SLOW DOWN!!! I bellowed as I threw my arms wide in rage, fear, and desperation. I’m sure my eyes were red and smoke puffed out of my ears. Certainly, adrenaline was pumping through my system.

The driver gave a gesture that I interpreted as apologetic, but it all happened so fast. I just wanted to get back home where we’re safe.

This is several hours later, and I’m still trying to shake the rage. fear. desperation.

A similar incident happened a few months ago, but I was able to shake that one off much sooner. The differences: we weren’t in a pandemic, and I didn’t feel so constantly vulnerable, thinking about health and loved ones and safety and loss. That time, I was close enough to her that I grabbed her hood and yanked her back. Even if the car had continued to run the stop sign, I had successfully pulled her out of the way. Lastly, everyone was moving slower: me, my daughter, the car. It was far less scary, in a far less scary time.

Also a contributing factor: I’m currently experimenting with different cold brew ratios/recipes/techniques and dear baby jesus, I think I made this last batch way too freaking strong. Today I’ve been jittery and strung out. My husband says I’ve been talking a mile a minute today, buthowisthatpossibleIdon’tknowwhatyou’retalkingabout.

Not to mention that I’ve had two nightmares in the past week, one of which was technically a nightmare within a fucking nightmare (so I guess that makes it three nightmares in all). I shit you not, I had a nightmare and in the dream I went to sleep, had yet another nightmare, “woke up,” BUT WAS STILL IN A NIGHTMARE. When I woke up for realsies, you’d better believe it took me a hot minute to be quite certain that I was conscious and the world before me was indeed real. I think it’s high time I made myself a totem, BECAUSE HOW DO I KNOW I’M NOT BEING INCEPTED?! Leo?! JGL???

As a surprise to absolutely no one, I’m also knee-deep in a violent dystopian novel. My choices amaze even myself.

Soooooooo there you have it. Too much, too often I feel like the world is burning and I have a front row seat. I can feel the warm glow on my face and I can see the ash falling from the sky.

Everyone, just please do me a favor and SLOW DOWN when you drive. Check the crosswalks. Then check them again. Thanks.

And go easy on the cold brew.

 

The Sweet Spot

For the moment, this parenting gig is getting easier.

I can feel it.

When the kids were really little, even littler than now, I used to carry around baseline level anxiety that only quieted down once the kids were in bed for the night. It was this wired feeling, a hypervigilance of always having to dart my eyes around during adult conversation to make sure my kids were still in the room/not hitting anyone/weren’t peeing their pants/still breathing/what have you and I could never fully relax. Not really.

Lately though, I’ve been noticing that I don’t have to be quite so “on” all the time. I can go to the park with both my kids and know they aren’t going to run off. Or, if they do, chances are they’ll come back. If they want snacks they’ll always come back.

A more specific example that marks how my kids and I are changing with the times: we recently went to a pumpkin patch we go to every year. Usually, I have to bring and carry a load of stuff (water, snacks, diapers, wipes, extra clothes, the kitchen sink), I’m chasing the kids around, trying to keep them out of the mud, trying to get some pictures, making sure they don’t get hurt, or lost. But this year…this year was different. It was the chillest time, you guys. I even lost track of my kids from time to time and my oldest actually came to find and and tell me where he was going. My heart melted and my mind exploded.  I didn’t even know what to do with myself! My kids were fine! I was fine! I went and got a coffee and a pastry and sat my ass down!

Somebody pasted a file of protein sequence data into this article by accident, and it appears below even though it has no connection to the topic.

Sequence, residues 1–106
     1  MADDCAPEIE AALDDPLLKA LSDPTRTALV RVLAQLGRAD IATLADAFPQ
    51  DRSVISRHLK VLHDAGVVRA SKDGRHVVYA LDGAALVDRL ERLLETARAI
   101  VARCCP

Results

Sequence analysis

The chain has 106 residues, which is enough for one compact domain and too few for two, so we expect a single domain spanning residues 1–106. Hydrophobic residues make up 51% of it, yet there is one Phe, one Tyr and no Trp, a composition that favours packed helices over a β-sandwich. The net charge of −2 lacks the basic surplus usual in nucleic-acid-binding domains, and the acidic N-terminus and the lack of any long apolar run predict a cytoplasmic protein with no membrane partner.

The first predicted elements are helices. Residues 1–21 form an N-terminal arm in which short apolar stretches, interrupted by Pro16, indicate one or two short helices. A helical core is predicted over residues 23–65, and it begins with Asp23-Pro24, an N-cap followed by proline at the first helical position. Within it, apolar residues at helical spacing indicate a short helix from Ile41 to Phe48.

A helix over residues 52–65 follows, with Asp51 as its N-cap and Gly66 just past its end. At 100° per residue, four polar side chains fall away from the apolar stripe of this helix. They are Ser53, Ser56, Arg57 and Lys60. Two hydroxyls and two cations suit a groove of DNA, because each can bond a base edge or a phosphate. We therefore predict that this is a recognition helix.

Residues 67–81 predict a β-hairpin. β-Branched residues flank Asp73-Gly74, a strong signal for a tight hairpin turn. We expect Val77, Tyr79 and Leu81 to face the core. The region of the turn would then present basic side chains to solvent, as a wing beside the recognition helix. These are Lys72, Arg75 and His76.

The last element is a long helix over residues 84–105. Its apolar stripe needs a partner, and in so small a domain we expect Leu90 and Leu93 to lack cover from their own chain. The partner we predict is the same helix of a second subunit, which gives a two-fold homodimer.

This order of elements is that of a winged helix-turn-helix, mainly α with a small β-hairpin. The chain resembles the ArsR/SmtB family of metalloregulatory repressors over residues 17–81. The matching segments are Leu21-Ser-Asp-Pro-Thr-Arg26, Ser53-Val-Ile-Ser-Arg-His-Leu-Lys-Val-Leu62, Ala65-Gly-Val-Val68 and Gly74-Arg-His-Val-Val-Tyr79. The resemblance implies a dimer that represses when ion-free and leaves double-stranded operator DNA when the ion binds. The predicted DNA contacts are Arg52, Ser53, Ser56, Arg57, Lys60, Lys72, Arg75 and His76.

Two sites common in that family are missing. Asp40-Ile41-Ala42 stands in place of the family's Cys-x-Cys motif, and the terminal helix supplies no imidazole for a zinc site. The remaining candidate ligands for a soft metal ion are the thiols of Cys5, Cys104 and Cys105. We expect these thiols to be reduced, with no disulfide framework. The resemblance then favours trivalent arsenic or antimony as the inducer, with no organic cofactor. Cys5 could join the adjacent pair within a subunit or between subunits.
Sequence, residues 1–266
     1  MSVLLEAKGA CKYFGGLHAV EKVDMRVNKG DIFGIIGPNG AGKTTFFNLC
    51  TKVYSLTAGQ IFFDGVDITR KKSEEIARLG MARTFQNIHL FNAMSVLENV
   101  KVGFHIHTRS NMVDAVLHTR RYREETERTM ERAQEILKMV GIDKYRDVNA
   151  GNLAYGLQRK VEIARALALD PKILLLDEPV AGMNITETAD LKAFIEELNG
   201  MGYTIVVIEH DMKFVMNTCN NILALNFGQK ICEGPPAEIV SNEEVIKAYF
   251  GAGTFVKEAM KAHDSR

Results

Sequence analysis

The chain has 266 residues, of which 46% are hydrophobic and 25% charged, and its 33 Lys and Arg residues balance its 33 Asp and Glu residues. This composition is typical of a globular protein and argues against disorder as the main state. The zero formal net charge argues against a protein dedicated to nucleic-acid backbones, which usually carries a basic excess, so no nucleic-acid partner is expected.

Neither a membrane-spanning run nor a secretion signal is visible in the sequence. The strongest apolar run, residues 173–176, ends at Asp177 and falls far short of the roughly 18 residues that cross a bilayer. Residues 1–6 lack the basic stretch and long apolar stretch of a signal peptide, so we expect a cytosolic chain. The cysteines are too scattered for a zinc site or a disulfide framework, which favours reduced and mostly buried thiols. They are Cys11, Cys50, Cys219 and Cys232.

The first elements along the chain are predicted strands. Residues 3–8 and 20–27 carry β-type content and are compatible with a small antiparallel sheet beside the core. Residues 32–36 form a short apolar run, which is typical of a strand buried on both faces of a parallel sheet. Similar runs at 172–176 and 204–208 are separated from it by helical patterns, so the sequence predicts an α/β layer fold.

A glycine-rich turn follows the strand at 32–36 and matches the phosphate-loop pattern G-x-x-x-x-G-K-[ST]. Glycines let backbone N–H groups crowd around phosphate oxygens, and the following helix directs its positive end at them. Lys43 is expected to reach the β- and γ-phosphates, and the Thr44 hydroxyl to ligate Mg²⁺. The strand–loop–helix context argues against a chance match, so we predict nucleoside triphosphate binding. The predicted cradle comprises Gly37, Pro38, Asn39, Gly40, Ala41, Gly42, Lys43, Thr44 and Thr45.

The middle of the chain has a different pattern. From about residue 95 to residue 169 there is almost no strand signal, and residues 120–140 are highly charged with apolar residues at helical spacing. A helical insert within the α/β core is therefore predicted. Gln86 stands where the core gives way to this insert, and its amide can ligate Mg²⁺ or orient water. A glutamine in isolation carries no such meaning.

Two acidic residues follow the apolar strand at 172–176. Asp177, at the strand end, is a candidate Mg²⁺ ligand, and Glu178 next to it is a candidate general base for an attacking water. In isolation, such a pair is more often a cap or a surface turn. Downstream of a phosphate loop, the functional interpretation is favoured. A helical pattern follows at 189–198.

It goes without saying that I’m enjoying this subtle and slow creep into the sweet spot of parenting that’s known as the primary school years. Dear goodness, my kids can be fucking adorable when they have reason to be. And for the life of me, I plan to enjoy the hell outta this phase before it gets to the hell on earth preteen and teen ones.

So bring on all the questions about bugs and spelling and life! Let’s tackle long division! Let’s start watching all the Disney movies and have spirited discussions about racism, sexism, and magic!!

Because y’all, for right now, I’m good. My kids aren’t as whiney as they once were. They’re less needy. They aren’t in mortal peril at all times. And they aren’t yet shooting heroin into their eyeballs. Not yet.

Right now, life is good.

Math beans, hot coffee, and lunch standing up

You guys.

I just experienced the most amazing thing.  You have no idea.  Or maybe you do.  It’s worth its weight in gold, and I think it’s going to end up being my savior.

What is this magic, you ask?

It’s called PRE. SCHOOL.

OMG, you guys.  My oldest had his first day yesterday and it was HEAVEN ON EARTH.

He was excited to go and the drop off was a breeze.  I squatted down to give him a little peptalk, told him I loved him, asked for a hug, and I got a little choked up for a second and then sucked it back because I didn’t want to lose it in front of him, and then…we left.  And he was HAPPY.  Playing with the math beans.  Preschool has “math beans,” who knew?